Support The Moscow Times!

Iran Says Russian Journalist Was Detained for 'Visa Violation' Not Spying

Yulia Yuzik md-gazeta.ru

A Russian journalist who is being held in Iran was detained last week for a visa violation and not for spying, the Students News Agency ISNA quoted Iran's government spokesman as saying on Monday.

The spokesman said Yulia Yuzik's case was undergoing a "quick review" by the Iranian authorities but gave no more details.

"Her case was a matter of visa violation and it was not related to espionage ... Yuzik's case is under quick review by Iranian authorities," said the spokesman, Ali Rabiei.

Moscow has close economic and political ties with Tehran, and it is unusual for the latter to target Russian citizens.

Russia's Foreign Ministry had summoned the Iranian ambassador on Friday over Yuzik's detention and the Kremlin said on Monday it hoped Yuzik would be released soon.

"We view negatively detentions of Russian journalists and consider them unacceptable. We hope that in the very near future she will be released and the Russian side will get the necessary explanations," Kremlin spokesman Dmitry Peskov said.

In a brief phone conversation with her mother late on Thursday, Yuzik said security forces had broken into her hotel room and detained her on suspicion of having ties to Israeli intelligence services, her ex-husband Boris Voitsekhovsky said.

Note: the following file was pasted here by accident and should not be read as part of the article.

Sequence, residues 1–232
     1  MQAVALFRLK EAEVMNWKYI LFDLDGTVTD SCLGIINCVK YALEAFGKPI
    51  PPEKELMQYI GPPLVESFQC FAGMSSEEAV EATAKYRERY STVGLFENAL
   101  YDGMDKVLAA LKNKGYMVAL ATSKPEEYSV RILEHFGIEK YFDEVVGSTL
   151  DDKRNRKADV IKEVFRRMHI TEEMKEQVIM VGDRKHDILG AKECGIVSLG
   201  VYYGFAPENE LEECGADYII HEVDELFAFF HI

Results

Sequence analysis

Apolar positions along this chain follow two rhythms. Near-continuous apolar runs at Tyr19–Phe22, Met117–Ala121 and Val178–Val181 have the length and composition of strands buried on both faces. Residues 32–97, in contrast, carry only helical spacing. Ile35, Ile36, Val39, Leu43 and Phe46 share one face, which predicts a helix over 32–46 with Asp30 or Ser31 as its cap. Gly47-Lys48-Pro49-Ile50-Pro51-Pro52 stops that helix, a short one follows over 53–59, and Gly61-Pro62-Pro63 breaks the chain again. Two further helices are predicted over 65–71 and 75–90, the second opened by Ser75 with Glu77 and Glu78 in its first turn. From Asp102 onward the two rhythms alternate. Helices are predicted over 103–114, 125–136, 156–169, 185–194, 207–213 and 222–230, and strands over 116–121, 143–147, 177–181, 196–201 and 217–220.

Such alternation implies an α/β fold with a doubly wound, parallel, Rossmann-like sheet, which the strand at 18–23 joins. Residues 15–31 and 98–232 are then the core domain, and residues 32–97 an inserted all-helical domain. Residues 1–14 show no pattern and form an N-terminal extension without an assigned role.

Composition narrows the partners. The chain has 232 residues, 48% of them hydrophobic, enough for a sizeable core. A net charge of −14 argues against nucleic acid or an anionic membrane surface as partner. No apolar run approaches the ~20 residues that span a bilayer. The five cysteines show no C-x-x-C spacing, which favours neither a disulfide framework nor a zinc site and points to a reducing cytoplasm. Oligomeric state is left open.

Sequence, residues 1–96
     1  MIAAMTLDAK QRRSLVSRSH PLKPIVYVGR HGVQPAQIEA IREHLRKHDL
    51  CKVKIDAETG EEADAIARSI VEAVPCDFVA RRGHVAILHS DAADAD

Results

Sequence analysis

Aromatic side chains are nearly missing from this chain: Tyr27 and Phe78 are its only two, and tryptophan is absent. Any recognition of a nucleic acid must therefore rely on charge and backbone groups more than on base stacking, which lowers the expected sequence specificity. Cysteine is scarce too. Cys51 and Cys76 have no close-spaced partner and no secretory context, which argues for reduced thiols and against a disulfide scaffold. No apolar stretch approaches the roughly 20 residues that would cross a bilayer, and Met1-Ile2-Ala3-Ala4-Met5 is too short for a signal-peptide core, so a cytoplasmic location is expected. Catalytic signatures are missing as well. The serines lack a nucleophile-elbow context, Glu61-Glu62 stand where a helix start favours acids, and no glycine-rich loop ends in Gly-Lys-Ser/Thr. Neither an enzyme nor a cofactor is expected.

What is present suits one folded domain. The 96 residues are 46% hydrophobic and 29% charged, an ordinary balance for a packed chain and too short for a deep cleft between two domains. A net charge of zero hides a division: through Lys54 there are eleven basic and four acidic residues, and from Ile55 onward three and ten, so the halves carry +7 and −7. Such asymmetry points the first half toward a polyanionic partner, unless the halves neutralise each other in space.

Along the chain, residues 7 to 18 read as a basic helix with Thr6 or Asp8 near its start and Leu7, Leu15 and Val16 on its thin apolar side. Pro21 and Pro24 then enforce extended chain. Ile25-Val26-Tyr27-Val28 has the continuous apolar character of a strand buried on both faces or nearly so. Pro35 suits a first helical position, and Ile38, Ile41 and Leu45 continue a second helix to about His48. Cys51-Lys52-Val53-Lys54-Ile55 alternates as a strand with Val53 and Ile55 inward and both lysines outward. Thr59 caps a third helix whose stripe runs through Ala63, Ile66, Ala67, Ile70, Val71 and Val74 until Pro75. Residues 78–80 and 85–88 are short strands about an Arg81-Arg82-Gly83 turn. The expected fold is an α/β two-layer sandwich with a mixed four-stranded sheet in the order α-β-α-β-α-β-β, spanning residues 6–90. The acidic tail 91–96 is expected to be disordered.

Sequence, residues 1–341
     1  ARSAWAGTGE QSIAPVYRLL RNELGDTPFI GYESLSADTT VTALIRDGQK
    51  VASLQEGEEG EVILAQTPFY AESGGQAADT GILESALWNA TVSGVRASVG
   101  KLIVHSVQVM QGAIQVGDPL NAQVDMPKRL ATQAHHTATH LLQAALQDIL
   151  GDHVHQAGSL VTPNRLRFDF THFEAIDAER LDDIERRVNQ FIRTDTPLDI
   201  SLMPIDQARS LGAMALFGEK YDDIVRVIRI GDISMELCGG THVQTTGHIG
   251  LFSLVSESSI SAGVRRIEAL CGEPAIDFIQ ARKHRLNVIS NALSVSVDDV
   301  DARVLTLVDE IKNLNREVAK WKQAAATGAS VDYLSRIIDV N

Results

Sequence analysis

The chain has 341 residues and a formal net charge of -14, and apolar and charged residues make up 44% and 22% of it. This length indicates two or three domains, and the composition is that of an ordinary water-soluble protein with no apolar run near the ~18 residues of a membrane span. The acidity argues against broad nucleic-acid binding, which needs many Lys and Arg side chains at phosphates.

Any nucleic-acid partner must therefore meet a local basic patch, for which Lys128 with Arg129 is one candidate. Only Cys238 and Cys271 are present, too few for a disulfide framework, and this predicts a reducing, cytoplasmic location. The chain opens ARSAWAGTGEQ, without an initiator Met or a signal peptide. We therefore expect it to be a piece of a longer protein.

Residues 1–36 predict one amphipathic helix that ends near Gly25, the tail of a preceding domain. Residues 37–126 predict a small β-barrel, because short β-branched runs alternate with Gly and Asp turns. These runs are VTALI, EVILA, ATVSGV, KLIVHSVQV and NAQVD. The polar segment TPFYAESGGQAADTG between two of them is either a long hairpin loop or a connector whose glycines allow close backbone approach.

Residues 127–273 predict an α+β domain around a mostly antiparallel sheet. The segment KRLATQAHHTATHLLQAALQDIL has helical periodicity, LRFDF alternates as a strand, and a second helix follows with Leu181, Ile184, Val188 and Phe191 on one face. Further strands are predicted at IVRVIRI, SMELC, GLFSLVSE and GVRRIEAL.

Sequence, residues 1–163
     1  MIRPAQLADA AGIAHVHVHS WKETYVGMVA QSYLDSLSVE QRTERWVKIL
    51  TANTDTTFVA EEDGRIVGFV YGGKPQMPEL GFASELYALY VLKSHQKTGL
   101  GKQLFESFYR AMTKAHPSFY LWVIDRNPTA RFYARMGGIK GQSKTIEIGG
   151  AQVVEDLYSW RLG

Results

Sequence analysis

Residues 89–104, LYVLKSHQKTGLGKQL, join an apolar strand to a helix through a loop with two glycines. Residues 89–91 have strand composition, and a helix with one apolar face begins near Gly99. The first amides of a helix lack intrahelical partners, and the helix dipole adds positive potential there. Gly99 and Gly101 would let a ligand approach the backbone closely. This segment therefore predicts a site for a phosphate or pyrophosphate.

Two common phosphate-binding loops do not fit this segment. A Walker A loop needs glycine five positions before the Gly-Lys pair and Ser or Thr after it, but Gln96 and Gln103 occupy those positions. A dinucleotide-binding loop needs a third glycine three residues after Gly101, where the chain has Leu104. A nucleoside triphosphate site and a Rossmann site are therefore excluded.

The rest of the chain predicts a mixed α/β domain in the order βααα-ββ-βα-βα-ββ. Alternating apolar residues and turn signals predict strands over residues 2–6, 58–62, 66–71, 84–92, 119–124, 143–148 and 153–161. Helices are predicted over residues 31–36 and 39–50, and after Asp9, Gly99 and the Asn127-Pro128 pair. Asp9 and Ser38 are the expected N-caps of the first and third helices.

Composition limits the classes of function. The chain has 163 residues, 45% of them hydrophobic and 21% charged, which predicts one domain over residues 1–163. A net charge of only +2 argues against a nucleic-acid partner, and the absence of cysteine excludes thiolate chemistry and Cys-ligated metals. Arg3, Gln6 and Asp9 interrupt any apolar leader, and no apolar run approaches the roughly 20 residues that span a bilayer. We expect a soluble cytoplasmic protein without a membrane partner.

Voitsekhovsky said Yuzik did not hold joint Israeli citizenship or a visa for that country and last visited Israel about 15 or 17 years ago to report on the Israeli army's daily life for Russia's "Komsomolskaya Pravda" newspaper. 

Read more

Independent journalism isn’t dead. You can help keep it alive.

As the only remaining independent, English-language news source reporting from Russia, The Moscow Times plays a critical role in connecting Russia to the world.

Editorial decisions are made entirely by journalists in our newsroom, who adhere to the highest ethical standards. We fearlessly cover issues that are often considered off-limits or taboo in Russia, from domestic violence and LGBT issues to the climate crisis and a secretive nuclear blast that exposed unknowing doctors to radiation.

As we approach the holiday season, please consider making a one-time donation — or better still a recurring donation — to The Moscow Times to help us continue producing vital, high-quality journalism about the world’s largest country.